Assistant Professor of Social Work
Assistant Director, Social Intervention Group
Past Research: Professor Wu is a member of the senior investigative team at the Social Intervention Group (SIG), which focuses on the overlapping epidemics of HIV/AIDS, substance abuse, and intimate partner violence (IPV). Since joining SIG in 2000, he has carried out several secondary analyses with SIG datasets and is lead or co-author on several publications in the following areas: service utilization among drug-involved men; causal estimates of ancillary service use among men on methadone; service needs among men and women involved with the criminal justice system; the relationships among drug use, IPV, and HIV-risk; factors related to participation in clinical trials; the efficacy of an HIV/STD preventive intervention; and psychological distress in relation to gender and couple-level HIV serostatus con/discordancy. In addition, he successfully served as the PI for a NIDA-funded study examining the patterns and levels of engagement with formal service providers by drug-involved men who report perpetrating IPV.
Present Research: Wu continues to expand the research conducted by SIG investigators in two areas: 1) health services research with populations residing at the nexus of HIV/AIDS, substance abuse, and IPV; and 2) HIV intervention research with men who have sex with men. He is the PI for a NIDA-funded longitudinal panel study testing hypotheses regarding the impact of structural/programmatic factors on pro-social change among men and women attending alternative to incarceration (ATI) programs in New York City; an innovation of this study is the application of system dynamics methods to derive causally-valid estimates of nested, interacting, and time-/history-dependent factors measures from the service system and individuals attending ATI programs. Wu is also the PI for a CDC-funded multi-site cooperative agreement study designed to develop and test the efficacy of a couples-based HIV/STI preventive intervention for drug-involved men of color in same-sex relationships. Wu continues to serve as a co-investigator on many of the studies conducted for which his SIG colleagues serve as PI; while he contributes to the overall design and implementation of studies, his primary areas of responsibility typically involve oversight of the following areas: biological assay procedures (e.g., specimen collection, preparation, analysis protocols), data management/information technology, and data analyses.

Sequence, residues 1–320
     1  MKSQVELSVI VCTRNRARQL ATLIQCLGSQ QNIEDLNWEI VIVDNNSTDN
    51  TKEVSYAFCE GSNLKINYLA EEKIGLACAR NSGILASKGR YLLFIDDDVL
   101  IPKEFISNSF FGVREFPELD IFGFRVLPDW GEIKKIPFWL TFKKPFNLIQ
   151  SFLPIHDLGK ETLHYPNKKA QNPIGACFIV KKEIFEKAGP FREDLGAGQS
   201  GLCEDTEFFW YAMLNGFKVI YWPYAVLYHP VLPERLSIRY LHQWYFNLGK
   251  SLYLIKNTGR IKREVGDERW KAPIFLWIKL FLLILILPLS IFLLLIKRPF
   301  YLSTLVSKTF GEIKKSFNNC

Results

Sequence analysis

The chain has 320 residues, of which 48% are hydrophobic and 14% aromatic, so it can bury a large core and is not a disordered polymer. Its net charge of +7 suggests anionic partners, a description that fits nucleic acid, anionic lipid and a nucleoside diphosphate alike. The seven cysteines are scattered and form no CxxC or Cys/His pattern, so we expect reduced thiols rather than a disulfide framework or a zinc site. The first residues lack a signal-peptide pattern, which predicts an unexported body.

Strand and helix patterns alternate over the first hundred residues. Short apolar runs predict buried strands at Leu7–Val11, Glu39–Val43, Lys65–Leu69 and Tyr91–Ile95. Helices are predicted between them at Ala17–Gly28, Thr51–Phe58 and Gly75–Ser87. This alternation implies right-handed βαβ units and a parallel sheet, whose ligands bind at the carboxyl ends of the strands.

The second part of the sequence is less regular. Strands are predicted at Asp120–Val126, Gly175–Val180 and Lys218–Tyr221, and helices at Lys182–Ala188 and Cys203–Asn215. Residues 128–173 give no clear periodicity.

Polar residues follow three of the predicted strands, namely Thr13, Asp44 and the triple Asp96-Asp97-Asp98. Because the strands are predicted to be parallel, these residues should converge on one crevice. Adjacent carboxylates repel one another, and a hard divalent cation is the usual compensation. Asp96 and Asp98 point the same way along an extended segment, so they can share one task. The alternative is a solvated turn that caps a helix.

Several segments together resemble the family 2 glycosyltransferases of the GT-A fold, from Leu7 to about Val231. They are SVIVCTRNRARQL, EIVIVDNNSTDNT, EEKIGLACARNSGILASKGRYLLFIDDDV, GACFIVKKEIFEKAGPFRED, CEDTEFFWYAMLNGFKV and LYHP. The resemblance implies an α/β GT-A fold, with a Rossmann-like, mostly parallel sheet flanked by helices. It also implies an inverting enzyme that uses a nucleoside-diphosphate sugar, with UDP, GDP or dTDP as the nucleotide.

Future Research: While Wu will continue health services research and HIV intervention research with marginalized populations, he is also laying a foundation to build a larger program of research that seeks to apply informatics-based methods to socio-behavioral researchers and behavioral interventionists. In recent years, Wu has also been taking leadership with his SIG colleagues to provide structured research training for promising new investigators by serving as Co-Director of the NIDA-funded Social Work Research Development program at CUSSW to recently serving as Co-PI and Co-Director of a new NIMH-funded training program for racial/ethnic minority new investigators. These research training activities are highlighted by the development of additional tools that supplement “traditional” research training and mentorship with the use of digital, multi-media, and internet-based tools in order to build a “virtual research training center” for new investigators across the country as well as internationally.
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